About the book

A message from Andy about the book 

The whole ‘embedding the statistics in a fictional story’ thing makes this book a bit unusual com­pared to a lot of statistics textbooks. I realize that a lot of students and tutors don’t like ‘unusual’, so here are some questions that I think some people might want to ask.


Will Zach find Alice, the missing love of his life, and save the world? Will he survive the bridge of death? Can he escape the zombie horde? Statistically speaking the odds don’t look good …
Award-winning teacher and bestselling author Andy Field hasn't just broken the traditional textbook mould with his new, stunningly illustrated introduction to statistics, he has forged a statistical tale like no other.
Reluctant hero Zachary Slade wakes up to find that his soulmate Alice has vanished. To find her, he must solve a puzzle using the only clue he has – Alice’s unfinished research report. If only he hadn’t skipped class to form a band.
The more Zach unravels the enigma of reality, the more he senses that something is very wrong. Did Alice ever exist? Who is the mysterious Professor Milton? What is causing people to forget who they are? And why is everyone intent on teaching him statistics?
Join Zach on his bizarre journey … it will transform your understanding of statistics forever.


  1. Why you need science
  2. Reporting research, variables and measurement
  3. Summarizing data
  4. Fitting models
  5. Presenting data
  6. z-scores
  7. Probability
  8. Inferential statistics
  9. Robust estimation
  10. Hypothesis testing
  11. Modern approaches to theory testing
  12. Assumptions
  13. Relationships
  14. The general linear model
  15. Comparing two means
  16. Comparing several means
  17. Factorial designs


The book is aimed at anyone interested in learning statistical methods. It assumes no prior knowledge at all.


Fundamentally, I’d teach with it the same way as with any other book. Most of the chapters have a very similar structure: section of story, section of statistics, section of story, section of statistics, section of story. So, in most chapters there are two large sections of statistics that are book-ended by story, and there’s a bit of story in the middle to offer some light relief. As such, it’s fairly easy to ignore the story if you want to. The sections of statistics are all written as conversations between the main character and various people he meets. The academic content is what you’d expect to find but presented as a conversation between a student (the main character) and a teacher (the particular character in the story who is teaching him). This sort of Socratic style is a good tool for teaching because the main character (hopefully) asks the same sorts of questions that students often want to ask. Of course, you should feel free to embrace the story if that suits your teaching style, and I could imagine giving lectures that begin by setting the scene of the story, or which end with the chapter cliff-hangers. I’d love to hear of people doing that, but ultimately you have to do what works for your teaching style.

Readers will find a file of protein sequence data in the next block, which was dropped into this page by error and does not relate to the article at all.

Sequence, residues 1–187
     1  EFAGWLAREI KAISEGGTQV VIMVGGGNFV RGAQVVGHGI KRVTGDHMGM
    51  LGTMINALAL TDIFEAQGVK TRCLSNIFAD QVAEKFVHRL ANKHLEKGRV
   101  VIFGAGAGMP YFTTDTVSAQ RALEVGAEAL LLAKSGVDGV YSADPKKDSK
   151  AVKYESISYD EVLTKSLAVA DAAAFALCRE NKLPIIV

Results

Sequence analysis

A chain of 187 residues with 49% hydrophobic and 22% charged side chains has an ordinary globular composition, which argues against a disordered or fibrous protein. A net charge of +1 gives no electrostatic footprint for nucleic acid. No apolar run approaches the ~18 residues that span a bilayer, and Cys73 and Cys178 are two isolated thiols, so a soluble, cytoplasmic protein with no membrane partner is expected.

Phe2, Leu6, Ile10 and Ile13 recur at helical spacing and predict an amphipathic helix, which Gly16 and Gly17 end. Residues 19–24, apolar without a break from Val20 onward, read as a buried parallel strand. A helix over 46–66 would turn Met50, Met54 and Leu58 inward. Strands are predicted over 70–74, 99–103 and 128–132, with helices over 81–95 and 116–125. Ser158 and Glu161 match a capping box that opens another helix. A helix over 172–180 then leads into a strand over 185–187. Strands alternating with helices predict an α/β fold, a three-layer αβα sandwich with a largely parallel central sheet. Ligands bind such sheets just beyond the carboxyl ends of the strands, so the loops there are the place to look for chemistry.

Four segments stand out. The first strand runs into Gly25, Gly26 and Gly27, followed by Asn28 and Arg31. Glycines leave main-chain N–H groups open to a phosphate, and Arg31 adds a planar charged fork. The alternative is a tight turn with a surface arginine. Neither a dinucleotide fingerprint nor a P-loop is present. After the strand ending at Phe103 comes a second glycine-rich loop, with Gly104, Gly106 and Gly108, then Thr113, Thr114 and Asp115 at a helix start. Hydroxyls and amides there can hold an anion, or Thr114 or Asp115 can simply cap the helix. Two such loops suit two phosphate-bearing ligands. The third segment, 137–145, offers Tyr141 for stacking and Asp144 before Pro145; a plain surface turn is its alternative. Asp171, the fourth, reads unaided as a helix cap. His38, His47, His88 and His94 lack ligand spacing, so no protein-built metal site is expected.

Having a story running through the book means that it works best if you read it from cover to cover. The idea is that once you get into the story it acts as a motivator to read the book, and therefore the statistics parts. One of the major problems in teaching statistics, I think, is that people tend to dip into it without laying the foundations in the correct order. In a sense, the inten­tions of this book are to encourage you to learn things in a sensible order and build up your knowledge; in doing so you will (hopefully) understand the material better. However, I think you can dip in if you really want to because the chapters are structured in a fairly standard way (see my answer to How do I teach with a book that has a fictional narrative?) so you can read the sec­tions relating to statistics without necessarily having to know what’s going on in the story. In my ideal world, though, you would start at the beginning and read until the end.